“Where is equitable?”

Day after day

she carries questions on the palette of her heart.

 

My friend Alex

‘moves’ to the market.

Study the fabric:

this Jesus garment.

It takes hours,

often days.

 

Teacher, What does it cost

to allow one’s heart to be broken?”

 

jfig   2/2020

 

What questions is Jesus writing on the palette of your heart? Is there something to which he is calling your attention? 

 

30 Days in Gennesaret: Day 9 My Sister is Sick

Yet I am confident I will see the Lord’s goodness while I am here in the land of the living. Psalm 27:13 NLT

I am the good shepherd; I know my own sheep, and they know me. John 10:14 NLT

Today’s poem captures snippets of conversations I have had with a friend who has suffered much.  It alludes to the question that perhaps we all raise in one way or another, “Why does a good God allow suffering?” To really grapple with the question takes a certain amount of bravery, let alone live the stories that prompt it. Following the poem, is a scaffolding of scripture references from which to explore further if you are interested.

My Sister is Suffering

My sister is suffering,

years now into it

breathing loss in pinched increments

as if it were air.

My heart rends a little each day

waiting.

 

Translucent

her beauty,

shines through

as if the holes

filled in

with flowers.

 

“Jesus is here!

In Gennesaret.”

We conversed

on our hurried way.

I asked

“How will we know…?”

 

She said simply

I wait each day

his sustaining glance

his whispers round suffering

his assurance of keeping

I wait each day.”

 

“His voice I know

His whispered caress

‘Easy, my child

you’ve nothing to fear.

I am with you in pain

My strength will suffice.’

 

So filled up with Jesus,

this sister of mine

“Oh, Brother, I’ll know Him

It will take but a touch.

I’ll know him, dear brother—

let’s hurry, let’s fly.”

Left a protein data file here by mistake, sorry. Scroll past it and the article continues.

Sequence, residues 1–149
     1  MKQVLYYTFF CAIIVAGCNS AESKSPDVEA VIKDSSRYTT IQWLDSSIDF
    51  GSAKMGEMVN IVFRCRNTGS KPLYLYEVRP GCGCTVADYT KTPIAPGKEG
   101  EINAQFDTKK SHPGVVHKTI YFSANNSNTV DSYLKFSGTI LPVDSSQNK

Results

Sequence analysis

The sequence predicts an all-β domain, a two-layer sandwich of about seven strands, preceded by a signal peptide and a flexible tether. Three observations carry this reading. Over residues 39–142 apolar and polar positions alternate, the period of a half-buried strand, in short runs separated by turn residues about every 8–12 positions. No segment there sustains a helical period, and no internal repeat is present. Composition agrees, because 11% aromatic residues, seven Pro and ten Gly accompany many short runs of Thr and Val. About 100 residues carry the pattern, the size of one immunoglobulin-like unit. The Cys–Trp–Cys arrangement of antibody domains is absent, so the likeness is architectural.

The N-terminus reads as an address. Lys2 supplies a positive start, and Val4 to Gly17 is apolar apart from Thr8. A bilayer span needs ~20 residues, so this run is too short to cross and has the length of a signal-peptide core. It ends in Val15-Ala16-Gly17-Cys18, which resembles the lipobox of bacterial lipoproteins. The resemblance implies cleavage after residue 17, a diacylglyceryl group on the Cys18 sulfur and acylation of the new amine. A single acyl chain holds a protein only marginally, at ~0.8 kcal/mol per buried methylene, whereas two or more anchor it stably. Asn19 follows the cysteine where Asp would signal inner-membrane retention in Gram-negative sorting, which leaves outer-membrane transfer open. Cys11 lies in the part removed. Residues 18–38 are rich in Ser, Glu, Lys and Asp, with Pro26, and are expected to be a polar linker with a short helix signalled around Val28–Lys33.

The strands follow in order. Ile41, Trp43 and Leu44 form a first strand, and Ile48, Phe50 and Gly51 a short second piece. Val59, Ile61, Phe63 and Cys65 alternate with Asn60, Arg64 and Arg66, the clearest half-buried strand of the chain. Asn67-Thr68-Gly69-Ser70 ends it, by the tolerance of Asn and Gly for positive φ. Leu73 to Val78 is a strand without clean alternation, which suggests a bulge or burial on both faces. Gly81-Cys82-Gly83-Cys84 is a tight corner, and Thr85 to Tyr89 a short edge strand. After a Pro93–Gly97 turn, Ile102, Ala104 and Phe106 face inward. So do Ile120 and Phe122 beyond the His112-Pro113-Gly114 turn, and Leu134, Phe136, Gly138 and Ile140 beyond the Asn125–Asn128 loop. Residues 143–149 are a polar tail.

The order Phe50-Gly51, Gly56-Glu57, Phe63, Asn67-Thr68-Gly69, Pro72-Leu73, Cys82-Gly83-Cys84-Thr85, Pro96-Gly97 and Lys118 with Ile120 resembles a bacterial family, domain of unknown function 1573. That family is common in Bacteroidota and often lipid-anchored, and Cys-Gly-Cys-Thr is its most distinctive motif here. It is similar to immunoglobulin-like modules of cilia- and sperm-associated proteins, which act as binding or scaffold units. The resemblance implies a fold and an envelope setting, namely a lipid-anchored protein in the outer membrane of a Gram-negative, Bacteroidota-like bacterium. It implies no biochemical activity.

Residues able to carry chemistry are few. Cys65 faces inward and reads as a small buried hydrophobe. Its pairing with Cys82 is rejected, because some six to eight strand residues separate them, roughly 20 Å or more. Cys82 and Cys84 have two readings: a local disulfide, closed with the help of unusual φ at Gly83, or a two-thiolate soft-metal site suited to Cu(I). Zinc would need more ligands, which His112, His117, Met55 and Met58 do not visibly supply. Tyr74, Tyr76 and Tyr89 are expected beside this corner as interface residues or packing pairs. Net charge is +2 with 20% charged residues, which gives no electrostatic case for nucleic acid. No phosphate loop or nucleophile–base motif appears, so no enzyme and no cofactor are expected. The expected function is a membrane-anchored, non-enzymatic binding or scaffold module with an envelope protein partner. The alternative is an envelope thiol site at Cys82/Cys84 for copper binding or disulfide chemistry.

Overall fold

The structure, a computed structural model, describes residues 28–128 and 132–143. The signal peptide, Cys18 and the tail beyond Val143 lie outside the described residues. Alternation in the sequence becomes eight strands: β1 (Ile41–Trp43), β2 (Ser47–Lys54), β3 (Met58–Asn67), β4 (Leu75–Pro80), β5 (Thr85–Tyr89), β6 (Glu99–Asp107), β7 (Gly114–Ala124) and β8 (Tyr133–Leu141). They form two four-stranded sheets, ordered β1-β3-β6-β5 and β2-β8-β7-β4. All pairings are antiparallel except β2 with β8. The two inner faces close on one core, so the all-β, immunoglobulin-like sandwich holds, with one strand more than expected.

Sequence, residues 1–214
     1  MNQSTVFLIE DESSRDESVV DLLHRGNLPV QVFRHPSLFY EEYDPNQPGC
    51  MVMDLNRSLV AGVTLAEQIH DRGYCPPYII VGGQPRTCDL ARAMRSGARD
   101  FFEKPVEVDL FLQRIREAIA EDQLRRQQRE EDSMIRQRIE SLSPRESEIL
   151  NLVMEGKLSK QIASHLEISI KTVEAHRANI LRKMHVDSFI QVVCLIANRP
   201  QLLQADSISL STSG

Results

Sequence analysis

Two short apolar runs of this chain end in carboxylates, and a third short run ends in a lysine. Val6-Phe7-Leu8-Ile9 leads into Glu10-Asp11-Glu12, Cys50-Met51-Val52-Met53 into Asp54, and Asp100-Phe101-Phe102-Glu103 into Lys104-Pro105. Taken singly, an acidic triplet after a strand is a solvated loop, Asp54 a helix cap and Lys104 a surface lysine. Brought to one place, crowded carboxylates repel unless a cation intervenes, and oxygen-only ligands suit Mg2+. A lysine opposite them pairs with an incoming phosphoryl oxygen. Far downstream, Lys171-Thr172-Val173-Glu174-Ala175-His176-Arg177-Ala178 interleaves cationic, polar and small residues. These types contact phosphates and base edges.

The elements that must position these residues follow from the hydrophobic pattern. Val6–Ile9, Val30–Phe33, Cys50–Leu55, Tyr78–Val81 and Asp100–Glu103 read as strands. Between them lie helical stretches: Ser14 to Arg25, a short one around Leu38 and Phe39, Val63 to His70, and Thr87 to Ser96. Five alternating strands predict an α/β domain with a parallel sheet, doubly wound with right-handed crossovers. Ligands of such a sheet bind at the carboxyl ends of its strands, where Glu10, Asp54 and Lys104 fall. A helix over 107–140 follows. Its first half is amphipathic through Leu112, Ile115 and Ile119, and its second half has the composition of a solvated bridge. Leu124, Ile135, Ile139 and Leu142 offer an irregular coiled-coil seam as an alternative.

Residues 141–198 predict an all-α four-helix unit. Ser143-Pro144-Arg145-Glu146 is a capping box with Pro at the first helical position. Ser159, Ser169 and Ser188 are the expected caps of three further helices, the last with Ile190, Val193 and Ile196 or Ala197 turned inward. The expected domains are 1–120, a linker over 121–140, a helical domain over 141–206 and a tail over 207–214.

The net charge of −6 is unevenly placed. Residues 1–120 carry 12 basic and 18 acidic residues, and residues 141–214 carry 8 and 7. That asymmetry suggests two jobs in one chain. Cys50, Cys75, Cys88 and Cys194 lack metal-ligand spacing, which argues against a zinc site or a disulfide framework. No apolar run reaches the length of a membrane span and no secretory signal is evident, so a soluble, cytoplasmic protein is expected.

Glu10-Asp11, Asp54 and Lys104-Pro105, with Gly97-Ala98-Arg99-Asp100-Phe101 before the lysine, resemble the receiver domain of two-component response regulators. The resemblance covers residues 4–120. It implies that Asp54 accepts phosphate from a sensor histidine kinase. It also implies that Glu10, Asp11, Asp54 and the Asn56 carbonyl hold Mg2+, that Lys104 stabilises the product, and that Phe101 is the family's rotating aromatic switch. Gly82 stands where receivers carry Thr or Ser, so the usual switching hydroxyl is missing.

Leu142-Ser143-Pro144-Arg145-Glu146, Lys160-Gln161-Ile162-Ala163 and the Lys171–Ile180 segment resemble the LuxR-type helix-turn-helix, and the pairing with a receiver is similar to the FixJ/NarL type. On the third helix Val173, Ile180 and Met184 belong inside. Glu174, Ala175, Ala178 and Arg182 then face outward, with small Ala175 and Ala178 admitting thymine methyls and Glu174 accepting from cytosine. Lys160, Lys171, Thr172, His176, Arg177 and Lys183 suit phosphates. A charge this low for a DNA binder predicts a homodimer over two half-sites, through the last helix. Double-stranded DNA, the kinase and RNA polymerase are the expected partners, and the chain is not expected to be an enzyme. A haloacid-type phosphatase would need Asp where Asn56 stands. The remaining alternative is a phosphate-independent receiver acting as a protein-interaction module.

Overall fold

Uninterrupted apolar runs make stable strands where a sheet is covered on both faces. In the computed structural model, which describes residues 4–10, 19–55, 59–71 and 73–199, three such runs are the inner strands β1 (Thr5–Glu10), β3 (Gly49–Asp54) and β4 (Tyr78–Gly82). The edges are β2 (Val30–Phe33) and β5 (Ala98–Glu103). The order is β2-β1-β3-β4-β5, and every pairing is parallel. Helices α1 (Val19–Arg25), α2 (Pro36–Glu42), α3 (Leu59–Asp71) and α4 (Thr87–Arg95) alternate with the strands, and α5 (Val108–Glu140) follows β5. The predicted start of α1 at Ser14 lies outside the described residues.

jfig     3/2020

 

Psalm 27:  John 17:3;  Romans 5:1-5;  Romans 8:16; I Corinthians 1:23,24;  John 10:14

Psalm 27:13 Scripture quotations marked (NLT) are taken from the Holy Bible, New Living Translation, copyright © 1996, 2004, 2007. Used by permission of Tyndale House Publishers Inc., Carol Stream, Illinois 60188. All rights reserved.

Photo was taken by Cathy Barger Hoesterey near Phnom Penh, Cambodia. I chose this photo for the fierceness with which this young girl cares for her siblings.

 

30 Days in Gennesaret: Formation Day 4

Formation

I have lain in the dust

I have borne a pallet

Undone by mercy – my heart has been changed by each

 

Encounter—who is this Jesus

whose vestments vibrate

sage power to heal

 

Heal quickly , my soul

Heal quickly

This Jesus, I must follow

 

I have lain in the dust

I have borne a pallet

…might I wash his feet?

This Jesus, I must follow

jfig     3/2020

 

Dear Reader, we encounter Jesus from so many different postures as we go through life. I hate to think of some of the stances I have taken as He has approached. In using reflection as a tool, I find it helpful to ponder those different roles and attitudes. Where are you today, with regard to Covid-19? Are you fearful, resigned, waiting to see what happens? How does where you have been in the past, inform what you need today? Jesus is nearby; with what will you encounter Him?  Thanks for reading… jfig

PS. I chose this image for its attitude of enthusiasm.